Unlike the paper, Threlkeld did not apply for the program, he was invited. He states, “I was aware that two members of the newspaper staff had gone to Ukraine in May, and I knew they sent people back here a month later, but I was not aware the program would continue beyond that. I had not heard very much about it. Three weeks before I left on my trip, my boss called me into his office, asked if I had a passport, and asked if I was willing to go the Ukraine. He told me they had a lot of questions about online work, and said I was the best person to send to answer their questions.
"It was completely out of the blue, and while I was rather intimidated by the whole idea (having never traveled beyond a couple of cross-border trips a few miles into Mexico and Canada); I knew I would regret passing it up for the rest of my life if I did not go. Three weeks later, I was on a plane.”
The plane was headed to Kiev, and from there his journey would take him to Mykolaiv, also known as Nikolayev.
In local tradition, recently married couples place a lock on the swan statue, then throw the key down the hill, as a symbol of their love and commitment.
Threlkeld with, “my Ukrainian artist friend, Sergei.” They were touring a theater in Nikolayev, where Sergei designed some of the costumes and sets.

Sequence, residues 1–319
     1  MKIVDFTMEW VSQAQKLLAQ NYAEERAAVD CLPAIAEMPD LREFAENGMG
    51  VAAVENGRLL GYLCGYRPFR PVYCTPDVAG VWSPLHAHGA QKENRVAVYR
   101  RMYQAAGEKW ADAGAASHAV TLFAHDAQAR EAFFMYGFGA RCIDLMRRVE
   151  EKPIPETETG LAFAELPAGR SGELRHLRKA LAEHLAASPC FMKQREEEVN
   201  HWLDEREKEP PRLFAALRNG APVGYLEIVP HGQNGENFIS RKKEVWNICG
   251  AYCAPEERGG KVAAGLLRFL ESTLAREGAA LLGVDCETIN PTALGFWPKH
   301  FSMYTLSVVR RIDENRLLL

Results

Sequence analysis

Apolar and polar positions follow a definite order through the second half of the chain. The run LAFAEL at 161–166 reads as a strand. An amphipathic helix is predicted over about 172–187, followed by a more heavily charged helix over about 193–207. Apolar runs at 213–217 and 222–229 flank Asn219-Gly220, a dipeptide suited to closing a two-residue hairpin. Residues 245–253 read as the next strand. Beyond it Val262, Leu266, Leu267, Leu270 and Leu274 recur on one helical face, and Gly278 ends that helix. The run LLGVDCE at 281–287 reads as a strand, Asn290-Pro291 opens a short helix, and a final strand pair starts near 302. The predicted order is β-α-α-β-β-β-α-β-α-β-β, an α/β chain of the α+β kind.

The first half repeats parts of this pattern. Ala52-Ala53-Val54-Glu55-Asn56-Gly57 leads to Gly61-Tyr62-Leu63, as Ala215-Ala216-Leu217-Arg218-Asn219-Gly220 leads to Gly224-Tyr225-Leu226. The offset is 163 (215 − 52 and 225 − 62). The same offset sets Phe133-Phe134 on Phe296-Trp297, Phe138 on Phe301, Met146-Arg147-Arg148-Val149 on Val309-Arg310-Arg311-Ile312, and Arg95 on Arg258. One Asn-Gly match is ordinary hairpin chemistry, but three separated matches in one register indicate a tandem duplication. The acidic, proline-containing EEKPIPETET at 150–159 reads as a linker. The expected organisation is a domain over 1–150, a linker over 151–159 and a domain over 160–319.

Threlkeld told the Weekly, “The main mission of the UMPP is to have American media outlets work with partner news organizations to strengthen their operations. In Ukraine, there was no independent media during the Soviet era, and even after the collapse of the Soviet Union. It was not until the Orange Revolution in 2004-2005 when media gained some of the basic freedoms considered essential in the United States. So there are a lot of small, independent media outlets in the country with only a few years of experience, and who compete against the much larger, long established, more powerful and better funded state-run newspapers that still exist. Most of them do not own their own presses, so they rely on the state-run paper in town for printing services. Our partner newspaper, Nikolayev Novosti, was established in the early 1900s, and is one of five competing newspapers in a city of 500,000, with a total staff of around 15 and a number of freelancers. So the goal is to determine where their weaknesses are, and teach them best practices to improve their operations.”
When asked if he foresaw the current conflict in Ukraine, and our alumnus said, “I honestly knew very little about Ukraine prior to my trip. It’s just a part of the world that unfortunately doesn’t get much attention unless something bad is happening, like Chernobyl, and most of the attention from the Euromaidan did not come until after my trip. By the time I accepted the invitation to go, I had two weeks to prepare, but a previously planned nine-day family vacation to rural Pennsylvania and little internet access limited what I could learn in advance. I was reading state department advisories and travel guides on my tablet while on the flight over.”
In 2014, Threlkeld returned to Texas Tech University to share his Ukraine experiences with his former journalism professors. He tells us that the IREX group, which runs the Ukraine media Partnership Program either already has or has plans to offer media programs in Azerbaijan, Egypt, Ethiopia, Georgia, Jordan, Macedonia, Iraq, Moldova, Mozambique, Russia, Rwanda and Somalia. Some programs have been shut down due to conflicts in the region.